R v Crimper [2018] NZDC 7362

Published 16 May 2019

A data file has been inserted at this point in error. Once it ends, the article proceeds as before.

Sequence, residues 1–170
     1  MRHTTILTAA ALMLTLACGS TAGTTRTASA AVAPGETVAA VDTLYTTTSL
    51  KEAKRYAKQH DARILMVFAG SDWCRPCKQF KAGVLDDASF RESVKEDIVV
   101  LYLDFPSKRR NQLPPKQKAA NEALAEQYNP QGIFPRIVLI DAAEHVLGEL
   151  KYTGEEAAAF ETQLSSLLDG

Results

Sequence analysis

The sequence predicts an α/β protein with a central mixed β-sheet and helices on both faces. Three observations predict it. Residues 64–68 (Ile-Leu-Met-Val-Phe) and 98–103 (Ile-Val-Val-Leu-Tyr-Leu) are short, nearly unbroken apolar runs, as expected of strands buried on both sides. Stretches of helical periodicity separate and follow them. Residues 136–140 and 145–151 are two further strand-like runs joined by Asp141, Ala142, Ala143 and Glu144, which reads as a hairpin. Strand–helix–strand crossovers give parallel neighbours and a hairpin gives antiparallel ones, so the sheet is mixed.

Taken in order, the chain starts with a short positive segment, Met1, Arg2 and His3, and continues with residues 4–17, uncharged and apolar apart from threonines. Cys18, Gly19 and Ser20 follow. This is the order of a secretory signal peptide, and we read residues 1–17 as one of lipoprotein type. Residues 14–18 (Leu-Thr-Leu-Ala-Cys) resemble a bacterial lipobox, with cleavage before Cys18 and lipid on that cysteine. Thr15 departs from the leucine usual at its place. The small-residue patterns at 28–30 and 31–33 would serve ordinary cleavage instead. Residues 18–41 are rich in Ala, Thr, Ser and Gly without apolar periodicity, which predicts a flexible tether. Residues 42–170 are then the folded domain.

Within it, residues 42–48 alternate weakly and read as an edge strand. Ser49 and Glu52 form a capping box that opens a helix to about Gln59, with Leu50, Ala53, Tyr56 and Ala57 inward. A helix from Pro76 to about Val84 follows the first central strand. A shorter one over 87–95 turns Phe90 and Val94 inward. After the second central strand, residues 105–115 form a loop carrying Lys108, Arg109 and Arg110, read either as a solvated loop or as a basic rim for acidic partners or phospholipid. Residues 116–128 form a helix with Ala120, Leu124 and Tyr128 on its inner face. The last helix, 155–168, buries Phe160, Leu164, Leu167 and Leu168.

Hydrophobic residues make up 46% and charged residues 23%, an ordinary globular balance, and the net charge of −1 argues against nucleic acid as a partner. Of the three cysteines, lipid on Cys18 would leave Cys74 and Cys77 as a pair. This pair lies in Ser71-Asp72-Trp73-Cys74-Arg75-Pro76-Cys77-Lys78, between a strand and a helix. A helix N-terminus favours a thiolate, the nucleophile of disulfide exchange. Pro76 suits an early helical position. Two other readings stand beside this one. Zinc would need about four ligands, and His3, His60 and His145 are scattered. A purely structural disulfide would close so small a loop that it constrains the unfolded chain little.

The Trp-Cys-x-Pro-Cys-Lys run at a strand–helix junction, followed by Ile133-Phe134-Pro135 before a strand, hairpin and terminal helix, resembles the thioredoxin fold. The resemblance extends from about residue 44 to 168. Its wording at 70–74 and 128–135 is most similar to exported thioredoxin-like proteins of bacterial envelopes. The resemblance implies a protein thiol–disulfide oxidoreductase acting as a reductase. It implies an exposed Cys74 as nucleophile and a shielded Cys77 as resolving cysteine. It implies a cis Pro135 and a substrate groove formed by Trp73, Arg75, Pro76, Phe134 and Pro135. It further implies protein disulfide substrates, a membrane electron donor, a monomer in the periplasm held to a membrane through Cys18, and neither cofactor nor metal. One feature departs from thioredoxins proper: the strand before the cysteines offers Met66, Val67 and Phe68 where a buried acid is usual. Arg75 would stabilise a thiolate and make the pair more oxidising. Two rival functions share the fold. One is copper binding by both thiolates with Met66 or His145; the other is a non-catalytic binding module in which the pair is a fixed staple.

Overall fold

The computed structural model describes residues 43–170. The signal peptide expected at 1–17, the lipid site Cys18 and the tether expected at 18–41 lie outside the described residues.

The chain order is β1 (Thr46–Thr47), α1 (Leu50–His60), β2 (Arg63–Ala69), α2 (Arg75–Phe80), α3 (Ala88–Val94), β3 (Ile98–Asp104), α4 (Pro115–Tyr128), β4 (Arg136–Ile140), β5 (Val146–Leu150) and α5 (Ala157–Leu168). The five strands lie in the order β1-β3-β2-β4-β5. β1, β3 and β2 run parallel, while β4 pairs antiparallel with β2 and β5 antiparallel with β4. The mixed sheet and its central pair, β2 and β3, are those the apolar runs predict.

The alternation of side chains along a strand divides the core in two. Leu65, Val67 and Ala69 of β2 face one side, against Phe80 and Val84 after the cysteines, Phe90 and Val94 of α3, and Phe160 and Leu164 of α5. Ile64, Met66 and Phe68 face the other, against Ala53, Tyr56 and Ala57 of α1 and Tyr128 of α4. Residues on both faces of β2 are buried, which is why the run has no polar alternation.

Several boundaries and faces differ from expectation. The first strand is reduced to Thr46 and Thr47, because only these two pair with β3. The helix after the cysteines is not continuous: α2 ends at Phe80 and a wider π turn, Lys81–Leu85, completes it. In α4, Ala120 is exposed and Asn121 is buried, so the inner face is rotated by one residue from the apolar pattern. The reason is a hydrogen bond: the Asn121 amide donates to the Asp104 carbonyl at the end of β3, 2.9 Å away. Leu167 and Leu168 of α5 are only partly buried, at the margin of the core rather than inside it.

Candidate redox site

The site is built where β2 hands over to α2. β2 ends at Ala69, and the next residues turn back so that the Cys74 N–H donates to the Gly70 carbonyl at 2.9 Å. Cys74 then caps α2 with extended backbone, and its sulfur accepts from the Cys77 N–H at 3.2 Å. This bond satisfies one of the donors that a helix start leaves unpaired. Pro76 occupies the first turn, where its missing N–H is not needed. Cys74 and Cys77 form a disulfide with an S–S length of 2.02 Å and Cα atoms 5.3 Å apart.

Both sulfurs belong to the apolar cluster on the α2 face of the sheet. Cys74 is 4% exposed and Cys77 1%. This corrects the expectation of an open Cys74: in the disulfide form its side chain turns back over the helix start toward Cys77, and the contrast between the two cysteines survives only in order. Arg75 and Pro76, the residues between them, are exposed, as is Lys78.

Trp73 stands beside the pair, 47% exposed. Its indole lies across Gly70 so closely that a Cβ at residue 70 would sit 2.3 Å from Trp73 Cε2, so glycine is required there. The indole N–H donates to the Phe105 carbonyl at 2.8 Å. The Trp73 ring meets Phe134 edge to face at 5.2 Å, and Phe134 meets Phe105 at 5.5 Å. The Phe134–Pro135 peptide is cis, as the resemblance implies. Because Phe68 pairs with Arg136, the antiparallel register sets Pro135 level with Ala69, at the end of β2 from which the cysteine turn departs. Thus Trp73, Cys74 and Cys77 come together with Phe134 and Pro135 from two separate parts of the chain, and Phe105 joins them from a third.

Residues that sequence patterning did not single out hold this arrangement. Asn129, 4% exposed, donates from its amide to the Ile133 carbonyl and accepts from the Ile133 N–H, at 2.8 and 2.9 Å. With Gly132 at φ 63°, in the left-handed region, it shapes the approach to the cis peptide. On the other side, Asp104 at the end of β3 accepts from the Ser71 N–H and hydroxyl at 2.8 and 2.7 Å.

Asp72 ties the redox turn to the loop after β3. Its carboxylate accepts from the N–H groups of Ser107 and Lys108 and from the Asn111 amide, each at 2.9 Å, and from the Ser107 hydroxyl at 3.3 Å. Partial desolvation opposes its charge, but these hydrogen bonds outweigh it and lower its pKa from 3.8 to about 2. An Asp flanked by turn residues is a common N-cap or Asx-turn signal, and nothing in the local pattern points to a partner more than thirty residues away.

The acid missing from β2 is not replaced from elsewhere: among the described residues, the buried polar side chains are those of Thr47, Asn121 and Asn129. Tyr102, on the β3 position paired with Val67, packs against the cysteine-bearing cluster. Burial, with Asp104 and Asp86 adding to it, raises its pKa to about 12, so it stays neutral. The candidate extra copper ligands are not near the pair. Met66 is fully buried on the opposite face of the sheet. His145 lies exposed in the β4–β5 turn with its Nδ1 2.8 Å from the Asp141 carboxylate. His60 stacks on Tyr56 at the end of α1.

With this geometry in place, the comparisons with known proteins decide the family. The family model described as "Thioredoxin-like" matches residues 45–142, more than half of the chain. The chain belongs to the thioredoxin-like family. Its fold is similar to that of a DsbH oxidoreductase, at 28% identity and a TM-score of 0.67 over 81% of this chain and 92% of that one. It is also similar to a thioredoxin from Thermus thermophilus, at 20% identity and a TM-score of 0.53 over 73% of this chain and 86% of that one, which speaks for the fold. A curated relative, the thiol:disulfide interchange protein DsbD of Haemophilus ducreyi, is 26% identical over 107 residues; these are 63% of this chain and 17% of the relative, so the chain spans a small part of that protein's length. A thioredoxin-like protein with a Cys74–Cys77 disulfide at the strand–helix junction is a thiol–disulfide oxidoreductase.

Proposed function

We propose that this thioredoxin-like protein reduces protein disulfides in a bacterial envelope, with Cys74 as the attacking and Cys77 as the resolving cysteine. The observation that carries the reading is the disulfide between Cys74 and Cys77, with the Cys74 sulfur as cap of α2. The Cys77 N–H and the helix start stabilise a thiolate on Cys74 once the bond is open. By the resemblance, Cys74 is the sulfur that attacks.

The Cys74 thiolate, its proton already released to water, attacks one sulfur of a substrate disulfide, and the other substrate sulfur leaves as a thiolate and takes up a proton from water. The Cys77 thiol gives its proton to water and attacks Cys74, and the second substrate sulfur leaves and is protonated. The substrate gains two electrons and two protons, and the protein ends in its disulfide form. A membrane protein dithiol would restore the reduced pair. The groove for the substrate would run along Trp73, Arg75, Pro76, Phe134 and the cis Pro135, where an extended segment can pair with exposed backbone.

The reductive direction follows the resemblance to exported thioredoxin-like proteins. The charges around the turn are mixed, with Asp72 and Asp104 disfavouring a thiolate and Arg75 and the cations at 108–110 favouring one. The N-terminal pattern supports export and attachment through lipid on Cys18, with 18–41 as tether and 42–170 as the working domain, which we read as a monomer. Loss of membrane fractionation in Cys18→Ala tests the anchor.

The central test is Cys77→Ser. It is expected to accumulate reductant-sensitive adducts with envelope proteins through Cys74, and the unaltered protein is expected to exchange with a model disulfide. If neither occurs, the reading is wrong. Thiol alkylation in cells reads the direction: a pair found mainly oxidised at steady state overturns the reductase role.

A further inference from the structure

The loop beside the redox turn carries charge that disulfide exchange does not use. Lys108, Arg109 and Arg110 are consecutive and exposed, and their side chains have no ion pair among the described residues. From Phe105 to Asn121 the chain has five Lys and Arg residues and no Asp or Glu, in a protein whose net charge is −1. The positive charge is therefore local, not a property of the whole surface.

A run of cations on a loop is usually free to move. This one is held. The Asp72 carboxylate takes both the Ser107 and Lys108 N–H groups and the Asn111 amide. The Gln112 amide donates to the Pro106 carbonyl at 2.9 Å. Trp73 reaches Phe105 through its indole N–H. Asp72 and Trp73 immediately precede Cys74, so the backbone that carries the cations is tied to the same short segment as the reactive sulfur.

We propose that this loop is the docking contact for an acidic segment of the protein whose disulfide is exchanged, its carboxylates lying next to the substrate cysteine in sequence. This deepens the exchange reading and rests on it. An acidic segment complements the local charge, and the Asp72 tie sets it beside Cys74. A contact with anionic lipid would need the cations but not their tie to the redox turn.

Propensity evidence — Mohamed v R [2011] NZSC 52 — M v R [2013] NZCA 239 — Evidence Act 2006, ss 40, 43. The defendant faced two charges of sexual violation and one of rape. The complainants were young children who were living in his care. In this pretrial matter the Crown sought to admit as propensity evidence the defendant's convictions for neglect and ill-treatment of children in his care, two of whom were the complainants in this case. The ill-treatment and neglect convictions arose out of a visit to the defendant's home by social workers, who discovered the house in very poor and unsanitary condition. The children were removed from the house and placed in the care of another person. Subsequently the children made comments to social workers which then gave rise to the current charges against the defendant. The Crown argued that the ill-treatment and neglect of the children did not necessarily amount to propensity evidence for sexual offending, but was revealing of the family dynamics and the relationship between the defendant and the complainants. The defendant argued that the previous convictions were irrelevant, and that the cases that the Crown cited in support did not apply, as they involved violence against the complainants. The Court found that the previous convictions did amount to propensity evidence. They showed the defendant's overbearing control and inhumane treatment of the complainants, which amounted to abuse. The defendant had a propensity to act in a certain way towards the complainants. The convictions were allowable as evidence under s 43 of the Evidence Act: they related to an ongoing state of affairs, were connected in time to the allegations in the present case, did not suggest collusion, and showed generally unusual circumstances. Any risk of unfair prejudice to the defendant could be managed by appropriate directions to the jury. The Court granted the Crown's application. Judgment Date: 13 April 2018. * * * Note: names have been changed to comply with legal requirements. * * *